How Are Sleep Disorders Diagnosed?

Reviewed by: HU Medical Review Board | Last reviewed: June 2020

Sleep disorders are usually diagnosed using a combination of the following:

  • Physical exam
  • Sleep diary
  • Sleep questionnaires
  • Sleep lab tests
  • Home sleep apnea test
  • Wearable devices

The type of exams and tests used will depend on the sleep disorder your doctor suspects you may have. Blood work may also be needed to rule out health conditions that cause poor sleep.

Physical exam

Many health conditions can impact how well a person is able to sleep, so your doctor will begin with a physical exam. After checking your weight and blood pressure, you may be asked about several things that may affect your sleep including:1-5

  • Whether you get up to go to the bathroom
  • Have pain at night
  • What medicines you take
  • Your moods
  • Exercise habits
  • Daytime energy
  • Concentration levels
  • How often you nap
  • Whether you smoke or drink alcohol at night
  • Whether you work shift work
  • If you have morning headaches
  • If you jerk or kick in your sleep
  • If you have been told you snore, gasp, or cough while sleeping
  • If you fall asleep at work or in social settings

The results of a sleep history and physical exam may suggest that you have insomnia, sleep apnea, restless legs syndrome, or narcolepsy. More tests will probably be needed to accurately diagnose whether you have a sleep disorder or a health condition that causes sleep problems.

Sleep diary

If you complain about poor sleep, it is common for the doctor to ask you to keep a sleep diary for at least 1 to 2 weeks. A sleep diary is simply a record of your sleep habits. This information can help your doctor understand what type of sleep problems you have. A sleep diary includes:1-5

  • What time you get into bed and how long it takes to fall asleep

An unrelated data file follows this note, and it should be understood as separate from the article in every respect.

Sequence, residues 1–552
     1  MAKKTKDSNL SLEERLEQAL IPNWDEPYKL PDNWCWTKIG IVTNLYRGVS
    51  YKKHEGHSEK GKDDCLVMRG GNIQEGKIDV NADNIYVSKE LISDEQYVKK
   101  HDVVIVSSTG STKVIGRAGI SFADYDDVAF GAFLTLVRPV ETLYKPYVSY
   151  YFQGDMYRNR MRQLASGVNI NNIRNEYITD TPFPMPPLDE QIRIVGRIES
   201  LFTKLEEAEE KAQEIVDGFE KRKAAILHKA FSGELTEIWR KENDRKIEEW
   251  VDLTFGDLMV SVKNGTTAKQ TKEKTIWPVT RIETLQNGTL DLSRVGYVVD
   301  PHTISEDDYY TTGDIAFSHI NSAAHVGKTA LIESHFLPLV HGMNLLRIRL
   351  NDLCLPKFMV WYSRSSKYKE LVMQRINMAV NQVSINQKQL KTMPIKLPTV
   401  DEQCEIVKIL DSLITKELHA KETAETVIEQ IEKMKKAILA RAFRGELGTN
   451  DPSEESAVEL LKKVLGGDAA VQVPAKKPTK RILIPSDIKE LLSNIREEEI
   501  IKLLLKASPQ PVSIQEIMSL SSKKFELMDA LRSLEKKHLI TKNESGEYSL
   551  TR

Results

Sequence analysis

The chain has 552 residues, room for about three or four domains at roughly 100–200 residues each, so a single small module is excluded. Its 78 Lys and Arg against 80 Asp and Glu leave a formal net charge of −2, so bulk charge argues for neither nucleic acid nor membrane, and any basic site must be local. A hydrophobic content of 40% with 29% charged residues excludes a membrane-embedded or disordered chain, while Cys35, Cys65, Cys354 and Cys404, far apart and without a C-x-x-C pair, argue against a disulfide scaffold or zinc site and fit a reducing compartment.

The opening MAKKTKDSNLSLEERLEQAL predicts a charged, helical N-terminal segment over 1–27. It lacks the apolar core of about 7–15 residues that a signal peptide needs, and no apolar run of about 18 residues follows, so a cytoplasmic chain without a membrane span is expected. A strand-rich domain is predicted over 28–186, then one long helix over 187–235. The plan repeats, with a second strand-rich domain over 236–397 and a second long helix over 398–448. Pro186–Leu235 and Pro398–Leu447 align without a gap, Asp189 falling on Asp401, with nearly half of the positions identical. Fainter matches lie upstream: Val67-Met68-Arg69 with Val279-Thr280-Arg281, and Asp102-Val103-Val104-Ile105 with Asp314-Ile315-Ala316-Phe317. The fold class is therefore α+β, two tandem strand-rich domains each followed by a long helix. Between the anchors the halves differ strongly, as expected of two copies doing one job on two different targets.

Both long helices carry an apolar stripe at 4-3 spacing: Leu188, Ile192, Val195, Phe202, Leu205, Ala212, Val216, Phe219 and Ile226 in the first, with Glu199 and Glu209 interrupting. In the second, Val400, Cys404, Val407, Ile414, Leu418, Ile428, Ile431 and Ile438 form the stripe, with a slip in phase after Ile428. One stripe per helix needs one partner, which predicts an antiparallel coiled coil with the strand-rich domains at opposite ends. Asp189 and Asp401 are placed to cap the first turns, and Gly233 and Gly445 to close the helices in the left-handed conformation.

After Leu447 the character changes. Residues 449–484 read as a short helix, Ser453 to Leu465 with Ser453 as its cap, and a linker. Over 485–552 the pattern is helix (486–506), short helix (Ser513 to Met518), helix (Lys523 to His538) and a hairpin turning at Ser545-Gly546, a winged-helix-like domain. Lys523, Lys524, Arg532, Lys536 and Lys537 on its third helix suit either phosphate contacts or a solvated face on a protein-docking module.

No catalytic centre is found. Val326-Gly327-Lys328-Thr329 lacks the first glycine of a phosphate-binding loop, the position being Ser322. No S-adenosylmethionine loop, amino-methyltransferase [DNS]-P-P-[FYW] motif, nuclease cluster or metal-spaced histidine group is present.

• Number of times you wake up
  • How long it takes to return to sleep
  • What time you wake up and get out of bed
  • Whether you have bad dreams
  • How sleepy or tired you are during the day
  • Nap times and how long you nap
  • How much caffeine you consume
  • If you use a sleep aid
  • How much alcohol you consume

Be ready to talk with your doctor in detail about your sleep habits. The noise, temperature, and light in the bedroom, the comfort of your mattress, and whether you sleep with a partner or pets are all important details.

Sleep questionnaires

There are a few self-tests you can use to better understand your sleep problems. The answers to these questionnaires may help you talk with your doctor:1-4

Sleep lab tests

The most common sleep disorder, insomnia, usually does not require a sleep study for diagnosis. However, for an accurate diagnosis, other sleep disorders usually require at least 1 night of testing in a sleep center lab. These tests may include:1,2

  • Polysomnography, or a lab sleep study
  • Multiple sleep latency test (MLST) if narcolepsy is suspected
  • Actigraphy if a circadian sleep-wake rhythm disorder is suspected

Home sleep apnea test

A home sleep apnea test may be useful to diagnose sleep apnea but these kits are not as accurate as sleep lab tests. That’s because a home study only measures breathing but not brain waves, sleep time, or leg movements. The device may come off during sleep. A home sleep apnea test will not detect other sleep disorders such as restless legs syndrome or narcolepsy. Still, a home test may give some people a cost-effective option.6

Wearable devices

Wearable devices, such as smartwatches, may provide helpful details about a person’s sleep. However, some studies show these devices are not accurate.2

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